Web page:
excellence(redirected from excellences)
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ex•cel•lence(ˈɛk sə ləns)
Al or A one Superior, excellent, first-rate. The term dates from the 1830s. Lloyd’s Register of British and Foreign Shipping used letters to indicate the condition of a ship’s hull, and numbers to designate the state of the cables, anchors, etc. The highest attainable rating was Al. In the United States the colloquial phrase A-number one is often heard.
bear away the bell See VICTORY.
bear the bell To be in the foremost position; to take the lead; to be the best. This expression refers to the bell worn on the neck of the bellwether, the leading sheep of a flock. It can be used quantitatively to mean the first in a series, or qualitatively to mean the best. Chaucer used it in the former sense:
And, let see which of you shall bear the bell
To speak of love aright? (Troilus and Criseyde, 1374)
The judgmental use of bear the bell is more current today.
blowed-in-the-glass First-rate, superior, high quality. This American hobo slang expression alludes to the fact that the better liquors often had the brand name blown into the glass of the bottle.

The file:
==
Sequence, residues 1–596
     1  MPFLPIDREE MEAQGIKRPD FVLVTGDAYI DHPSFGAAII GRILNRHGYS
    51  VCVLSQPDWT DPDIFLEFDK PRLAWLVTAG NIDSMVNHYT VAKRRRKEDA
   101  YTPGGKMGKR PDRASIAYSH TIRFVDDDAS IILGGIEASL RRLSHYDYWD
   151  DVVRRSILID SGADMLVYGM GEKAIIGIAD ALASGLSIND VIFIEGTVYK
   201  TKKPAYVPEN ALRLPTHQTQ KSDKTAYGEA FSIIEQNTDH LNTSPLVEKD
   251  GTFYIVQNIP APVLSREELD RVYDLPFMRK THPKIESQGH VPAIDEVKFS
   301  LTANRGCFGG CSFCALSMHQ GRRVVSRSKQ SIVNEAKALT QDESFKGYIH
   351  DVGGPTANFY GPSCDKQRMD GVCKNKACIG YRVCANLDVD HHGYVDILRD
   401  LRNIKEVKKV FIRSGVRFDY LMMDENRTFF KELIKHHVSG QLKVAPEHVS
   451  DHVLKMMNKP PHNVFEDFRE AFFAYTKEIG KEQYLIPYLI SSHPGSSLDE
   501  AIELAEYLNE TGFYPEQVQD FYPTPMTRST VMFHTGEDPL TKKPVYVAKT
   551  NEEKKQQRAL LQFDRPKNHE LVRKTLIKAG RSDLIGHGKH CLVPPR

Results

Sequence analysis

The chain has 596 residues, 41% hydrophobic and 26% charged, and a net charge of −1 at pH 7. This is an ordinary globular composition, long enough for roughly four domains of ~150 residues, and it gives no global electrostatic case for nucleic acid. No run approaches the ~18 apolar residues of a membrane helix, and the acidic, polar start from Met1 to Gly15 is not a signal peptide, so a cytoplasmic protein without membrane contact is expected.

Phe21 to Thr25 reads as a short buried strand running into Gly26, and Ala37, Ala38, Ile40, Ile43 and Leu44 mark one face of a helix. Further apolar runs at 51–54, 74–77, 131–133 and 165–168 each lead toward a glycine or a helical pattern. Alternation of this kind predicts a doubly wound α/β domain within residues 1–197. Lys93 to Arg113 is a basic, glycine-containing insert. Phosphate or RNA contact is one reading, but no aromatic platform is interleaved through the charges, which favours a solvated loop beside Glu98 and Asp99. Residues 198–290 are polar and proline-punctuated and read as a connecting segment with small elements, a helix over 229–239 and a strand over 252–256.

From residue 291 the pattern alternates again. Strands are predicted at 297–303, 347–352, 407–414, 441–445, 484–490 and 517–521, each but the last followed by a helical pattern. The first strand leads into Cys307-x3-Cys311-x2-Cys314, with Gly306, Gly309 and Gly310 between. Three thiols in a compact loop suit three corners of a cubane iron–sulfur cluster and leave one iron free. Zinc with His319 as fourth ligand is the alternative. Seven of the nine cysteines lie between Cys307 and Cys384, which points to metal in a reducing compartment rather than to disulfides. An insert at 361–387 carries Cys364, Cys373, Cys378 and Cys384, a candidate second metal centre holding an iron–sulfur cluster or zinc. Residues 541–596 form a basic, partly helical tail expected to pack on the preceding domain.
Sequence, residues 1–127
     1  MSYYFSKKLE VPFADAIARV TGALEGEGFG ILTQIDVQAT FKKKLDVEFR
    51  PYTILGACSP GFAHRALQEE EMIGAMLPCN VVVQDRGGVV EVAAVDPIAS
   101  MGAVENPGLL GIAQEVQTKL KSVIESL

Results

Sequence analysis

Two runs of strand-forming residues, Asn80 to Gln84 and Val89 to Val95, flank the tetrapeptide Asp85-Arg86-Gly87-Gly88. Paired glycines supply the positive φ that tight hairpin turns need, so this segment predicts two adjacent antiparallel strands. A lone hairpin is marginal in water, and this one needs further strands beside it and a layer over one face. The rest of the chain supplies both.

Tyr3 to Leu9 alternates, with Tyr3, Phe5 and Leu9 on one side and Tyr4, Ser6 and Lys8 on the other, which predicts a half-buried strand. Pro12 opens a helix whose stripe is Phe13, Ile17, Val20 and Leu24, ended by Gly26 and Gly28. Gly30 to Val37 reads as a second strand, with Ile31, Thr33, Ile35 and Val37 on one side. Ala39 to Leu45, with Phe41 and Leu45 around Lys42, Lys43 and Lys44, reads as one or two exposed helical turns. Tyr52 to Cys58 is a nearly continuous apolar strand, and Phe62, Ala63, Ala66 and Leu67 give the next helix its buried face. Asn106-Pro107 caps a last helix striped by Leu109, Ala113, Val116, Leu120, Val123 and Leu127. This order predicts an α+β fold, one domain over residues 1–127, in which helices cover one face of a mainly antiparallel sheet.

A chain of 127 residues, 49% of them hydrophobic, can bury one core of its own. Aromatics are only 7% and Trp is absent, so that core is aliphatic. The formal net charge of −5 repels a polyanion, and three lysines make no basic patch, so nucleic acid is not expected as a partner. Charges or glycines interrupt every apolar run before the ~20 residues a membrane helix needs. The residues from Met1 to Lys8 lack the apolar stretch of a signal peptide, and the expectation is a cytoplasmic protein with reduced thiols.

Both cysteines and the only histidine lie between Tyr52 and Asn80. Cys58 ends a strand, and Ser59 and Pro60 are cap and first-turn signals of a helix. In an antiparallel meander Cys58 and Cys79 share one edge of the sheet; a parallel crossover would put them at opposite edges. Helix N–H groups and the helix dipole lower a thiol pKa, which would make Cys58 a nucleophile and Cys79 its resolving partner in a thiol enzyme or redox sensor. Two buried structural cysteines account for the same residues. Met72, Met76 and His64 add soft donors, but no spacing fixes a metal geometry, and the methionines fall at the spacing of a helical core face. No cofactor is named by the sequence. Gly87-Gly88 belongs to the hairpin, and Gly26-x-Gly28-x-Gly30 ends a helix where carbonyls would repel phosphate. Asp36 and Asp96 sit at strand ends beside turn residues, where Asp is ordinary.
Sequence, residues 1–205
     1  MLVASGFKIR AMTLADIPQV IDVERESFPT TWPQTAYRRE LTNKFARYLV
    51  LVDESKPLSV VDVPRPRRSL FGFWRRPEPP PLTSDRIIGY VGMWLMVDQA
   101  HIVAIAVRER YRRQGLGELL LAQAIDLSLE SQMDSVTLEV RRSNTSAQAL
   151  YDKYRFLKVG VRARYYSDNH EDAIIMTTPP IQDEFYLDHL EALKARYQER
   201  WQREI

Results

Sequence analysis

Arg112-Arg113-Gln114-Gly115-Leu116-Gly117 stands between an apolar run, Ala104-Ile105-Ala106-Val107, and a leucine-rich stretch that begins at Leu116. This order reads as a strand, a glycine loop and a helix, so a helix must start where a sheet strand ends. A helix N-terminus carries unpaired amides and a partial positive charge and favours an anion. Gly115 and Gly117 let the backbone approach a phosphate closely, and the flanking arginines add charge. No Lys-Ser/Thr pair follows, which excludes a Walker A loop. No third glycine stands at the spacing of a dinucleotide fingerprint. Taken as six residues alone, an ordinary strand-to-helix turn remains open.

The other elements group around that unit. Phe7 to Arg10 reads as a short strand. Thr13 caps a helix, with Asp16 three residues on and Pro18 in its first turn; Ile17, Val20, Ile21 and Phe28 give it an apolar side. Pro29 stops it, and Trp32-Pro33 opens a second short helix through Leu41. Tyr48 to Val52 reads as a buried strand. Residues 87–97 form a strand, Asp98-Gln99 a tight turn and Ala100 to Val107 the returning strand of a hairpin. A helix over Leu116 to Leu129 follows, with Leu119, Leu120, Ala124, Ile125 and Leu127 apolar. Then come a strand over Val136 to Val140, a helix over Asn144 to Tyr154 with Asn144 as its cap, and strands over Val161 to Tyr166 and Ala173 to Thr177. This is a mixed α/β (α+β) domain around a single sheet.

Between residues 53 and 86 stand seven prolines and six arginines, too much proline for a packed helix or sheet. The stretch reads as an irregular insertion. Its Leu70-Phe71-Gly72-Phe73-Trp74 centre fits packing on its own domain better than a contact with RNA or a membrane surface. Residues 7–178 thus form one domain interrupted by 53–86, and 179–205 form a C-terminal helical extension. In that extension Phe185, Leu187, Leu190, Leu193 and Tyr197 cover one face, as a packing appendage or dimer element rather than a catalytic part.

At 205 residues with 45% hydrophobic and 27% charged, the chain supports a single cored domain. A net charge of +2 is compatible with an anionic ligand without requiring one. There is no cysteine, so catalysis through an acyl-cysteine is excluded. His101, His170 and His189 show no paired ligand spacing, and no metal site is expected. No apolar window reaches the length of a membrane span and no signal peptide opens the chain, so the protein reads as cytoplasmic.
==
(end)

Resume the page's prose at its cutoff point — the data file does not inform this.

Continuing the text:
blue ribbon The highest order of excellence; preeminence in a given area; first prize. The term may come either from the blue ribbon worn by members of the Order of the Garter, the highest order of British knighthood, instituted in the mid-14th century; or from the blue ribbon (cordon bleu) worn by members of the Order of the Saint Esprit, the highest order of knighthood in France, instituted in the late 16th century. The French term cordon bleu remains in use primarily for chefs of distinction. The first figurative use of blue ribbon has been attributed to Disraeli, who termed the Derby “the Blue Ribbon of the Turf” (1848).
cat’s meow Someone or something excellent, first rate, remarkable; the acme. Introduced in the early 1900s, this was among the most popular fad expressions of the Roaring 20s. It is rarely used now. Cat’s pajamas, another popular phrase of the era, derives from the fact that pajamas had just been introduced and were still considered somewhat daring nighttime attire. The word cat is also used in expressions such as cat’s whiskers, cat’s cuff links, cat’s eyebrows, cat’s galoshes, cat’s roller skates, and cat’s tonsils.